Major releases will be cut and published here for the public to download. We view major releases as software that has been thoroughly tested against multiple machine builds and different configurations. Major releases will be supported until superseded by the next major release. Example: 3.0
Alpha: New and Exciting Stuff
Alpha builds are expected to be buggy and unreliable for production environments. Major and minor bugs are considered normal. Alpha builds are expected to be the place for rapid development of new features, major changes to code and data structures, and a general state of constant flux. Alpha builds will be in the ‘dev’ branch in our git repo. Alpha software is where new feature request that have been approved for this release are coded, and new suggestions will still be adopted. Example: 3.0a
Beta: Feature Freeze
Beta builds are a place where refactoring and code is organized and put closer to a production format. Minor bugs are expected, with Major bugs being rare. Beta builds are not considered production quality, but are a great state for beta testing and reporting of bugs. Beta software will be in the ‘beta’ branch of our git repo. Beta software is where new feature request are cut off from being considered to be added. New features can still be requested, but will only be approved for future versions. Example: 3.0b
RC: Release Candidate
RC builds are considered mostly complete and ready to deploy to your test environment. Major and minor bugs should be squashed or slated for patching soon. RC code is considered stable as well as data structures in the database. RC builds will be tested for at least 2 weeks before being ready to be a release. RC code will be in the master branch of our git repo. RC build numbers will increase every patch or bug squash until no bugs are reported for 2 weeks. RC builds can not go into a Major release until bug free for a minimum of 2 weeks. Example: 3.0RC.1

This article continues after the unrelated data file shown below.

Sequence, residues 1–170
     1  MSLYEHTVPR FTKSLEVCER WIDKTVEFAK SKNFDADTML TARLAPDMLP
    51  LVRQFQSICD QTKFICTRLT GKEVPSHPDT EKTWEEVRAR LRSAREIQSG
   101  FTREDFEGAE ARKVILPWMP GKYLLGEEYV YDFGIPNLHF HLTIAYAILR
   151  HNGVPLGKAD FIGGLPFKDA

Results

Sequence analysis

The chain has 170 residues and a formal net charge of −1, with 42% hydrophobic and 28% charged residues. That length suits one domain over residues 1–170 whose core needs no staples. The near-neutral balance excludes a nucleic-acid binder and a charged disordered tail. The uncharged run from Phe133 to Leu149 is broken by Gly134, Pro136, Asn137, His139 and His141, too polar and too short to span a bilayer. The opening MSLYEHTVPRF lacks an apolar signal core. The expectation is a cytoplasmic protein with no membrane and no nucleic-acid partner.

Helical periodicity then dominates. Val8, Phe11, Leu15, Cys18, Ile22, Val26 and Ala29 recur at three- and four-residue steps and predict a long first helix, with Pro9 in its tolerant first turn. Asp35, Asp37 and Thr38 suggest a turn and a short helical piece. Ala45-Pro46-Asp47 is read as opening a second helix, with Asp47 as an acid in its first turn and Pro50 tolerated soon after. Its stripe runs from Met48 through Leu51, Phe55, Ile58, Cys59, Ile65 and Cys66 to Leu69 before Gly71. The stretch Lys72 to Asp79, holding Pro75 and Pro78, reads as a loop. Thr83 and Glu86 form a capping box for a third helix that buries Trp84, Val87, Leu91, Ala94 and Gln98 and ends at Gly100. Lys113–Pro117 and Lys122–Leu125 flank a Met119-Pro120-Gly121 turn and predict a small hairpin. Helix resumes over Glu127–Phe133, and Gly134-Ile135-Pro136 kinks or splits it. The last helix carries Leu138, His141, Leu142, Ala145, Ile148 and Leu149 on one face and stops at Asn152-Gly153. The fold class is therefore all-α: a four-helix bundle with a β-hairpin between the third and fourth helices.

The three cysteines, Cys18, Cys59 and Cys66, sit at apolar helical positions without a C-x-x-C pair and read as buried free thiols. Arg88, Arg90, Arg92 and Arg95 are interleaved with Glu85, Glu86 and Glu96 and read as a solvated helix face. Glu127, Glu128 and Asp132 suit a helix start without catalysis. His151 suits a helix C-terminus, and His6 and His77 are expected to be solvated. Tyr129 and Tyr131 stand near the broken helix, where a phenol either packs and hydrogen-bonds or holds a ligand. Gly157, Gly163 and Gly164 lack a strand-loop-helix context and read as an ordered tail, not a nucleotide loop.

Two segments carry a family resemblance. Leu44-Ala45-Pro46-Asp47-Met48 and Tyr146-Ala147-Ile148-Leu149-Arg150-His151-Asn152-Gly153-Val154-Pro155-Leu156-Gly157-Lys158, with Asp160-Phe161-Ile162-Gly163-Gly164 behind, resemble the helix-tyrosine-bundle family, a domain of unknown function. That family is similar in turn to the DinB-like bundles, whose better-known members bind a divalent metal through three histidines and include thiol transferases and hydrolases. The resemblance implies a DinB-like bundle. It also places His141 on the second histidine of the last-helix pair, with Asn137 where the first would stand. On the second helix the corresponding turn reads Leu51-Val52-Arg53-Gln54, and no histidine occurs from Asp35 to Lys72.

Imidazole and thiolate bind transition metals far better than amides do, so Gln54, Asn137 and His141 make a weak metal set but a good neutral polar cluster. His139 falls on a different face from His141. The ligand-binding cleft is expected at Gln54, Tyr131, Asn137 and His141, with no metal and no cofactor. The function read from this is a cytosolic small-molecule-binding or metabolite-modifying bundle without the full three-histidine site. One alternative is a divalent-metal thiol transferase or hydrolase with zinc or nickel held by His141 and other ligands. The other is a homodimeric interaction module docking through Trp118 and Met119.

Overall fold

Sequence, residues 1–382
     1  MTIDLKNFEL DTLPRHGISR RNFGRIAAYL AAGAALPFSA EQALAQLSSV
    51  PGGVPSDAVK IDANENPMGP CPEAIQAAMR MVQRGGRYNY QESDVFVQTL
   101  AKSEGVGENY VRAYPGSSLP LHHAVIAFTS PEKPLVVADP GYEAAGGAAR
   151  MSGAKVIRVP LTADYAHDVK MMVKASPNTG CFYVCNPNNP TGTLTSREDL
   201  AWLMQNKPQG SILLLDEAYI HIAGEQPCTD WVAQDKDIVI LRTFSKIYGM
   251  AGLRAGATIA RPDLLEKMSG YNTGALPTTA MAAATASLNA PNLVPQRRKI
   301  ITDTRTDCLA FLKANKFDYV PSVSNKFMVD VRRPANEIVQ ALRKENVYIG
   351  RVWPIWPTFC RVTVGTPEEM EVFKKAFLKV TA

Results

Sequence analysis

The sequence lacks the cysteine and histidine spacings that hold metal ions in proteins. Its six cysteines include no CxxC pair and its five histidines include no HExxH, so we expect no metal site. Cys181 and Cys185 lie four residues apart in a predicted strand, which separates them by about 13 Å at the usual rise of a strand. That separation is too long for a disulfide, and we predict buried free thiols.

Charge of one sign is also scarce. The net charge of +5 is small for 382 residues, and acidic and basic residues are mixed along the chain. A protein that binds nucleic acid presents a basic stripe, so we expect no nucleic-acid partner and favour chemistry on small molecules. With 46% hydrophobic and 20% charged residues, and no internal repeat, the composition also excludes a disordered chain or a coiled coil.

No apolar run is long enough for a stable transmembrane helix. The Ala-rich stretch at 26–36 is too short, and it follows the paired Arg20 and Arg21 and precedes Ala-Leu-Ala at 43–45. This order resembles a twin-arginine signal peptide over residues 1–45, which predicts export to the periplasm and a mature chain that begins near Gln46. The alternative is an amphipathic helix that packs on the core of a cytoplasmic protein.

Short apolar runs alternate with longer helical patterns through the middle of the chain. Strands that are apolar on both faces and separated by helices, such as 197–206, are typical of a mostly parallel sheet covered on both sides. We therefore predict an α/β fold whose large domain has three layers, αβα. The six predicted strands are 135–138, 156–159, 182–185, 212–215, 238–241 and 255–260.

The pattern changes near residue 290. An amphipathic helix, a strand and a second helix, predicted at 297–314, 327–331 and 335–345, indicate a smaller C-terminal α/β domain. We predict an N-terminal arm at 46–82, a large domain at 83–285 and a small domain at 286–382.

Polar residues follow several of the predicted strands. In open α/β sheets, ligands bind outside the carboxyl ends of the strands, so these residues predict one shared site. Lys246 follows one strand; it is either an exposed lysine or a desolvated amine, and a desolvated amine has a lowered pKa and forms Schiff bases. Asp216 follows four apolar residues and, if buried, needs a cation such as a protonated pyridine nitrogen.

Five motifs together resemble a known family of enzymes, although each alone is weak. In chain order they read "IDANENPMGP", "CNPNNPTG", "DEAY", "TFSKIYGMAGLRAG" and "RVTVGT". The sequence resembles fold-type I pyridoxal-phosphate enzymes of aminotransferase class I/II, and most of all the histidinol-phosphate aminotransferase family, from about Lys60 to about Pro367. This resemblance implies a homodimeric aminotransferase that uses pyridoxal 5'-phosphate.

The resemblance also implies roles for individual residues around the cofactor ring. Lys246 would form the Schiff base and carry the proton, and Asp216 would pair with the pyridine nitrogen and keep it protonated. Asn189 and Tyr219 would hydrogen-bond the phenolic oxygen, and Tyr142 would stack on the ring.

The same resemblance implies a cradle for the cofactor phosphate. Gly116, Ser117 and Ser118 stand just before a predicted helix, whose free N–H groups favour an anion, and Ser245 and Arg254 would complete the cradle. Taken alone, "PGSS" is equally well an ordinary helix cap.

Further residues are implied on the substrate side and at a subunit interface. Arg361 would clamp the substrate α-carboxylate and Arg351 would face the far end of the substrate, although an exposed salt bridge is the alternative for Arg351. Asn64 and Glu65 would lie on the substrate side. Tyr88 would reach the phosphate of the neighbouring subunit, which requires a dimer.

Major releases: Production Time
Major releases are considered stable and ready for a production environment. Major releases are expected to be bug free. If a bug is found in a major releases, a minor version will be cut to fix this bug, and only change what is required to fix the bug. Major Example releases are in our master branch of the git repo. Example: 3.0
Minor Releases: Oopsie
In the event a bug is found and patched, a minor release will be cut to patch the bug. A minor release number would be 3.0.1.
Development Snapshots: Read Only Fridays!
Development Snapshots will be released on Fridays whenever possible with a snapshot of the code “as is”. These are considered potentially buggy, but do give testers a feel where the software is going. Development Snapshots will be released via the web page on the “snapshots” page. Snapshots will follow a very different naming convention since they are not tied to a version. Their number will be the year followed by the week number. Example: 19w42-snapshot.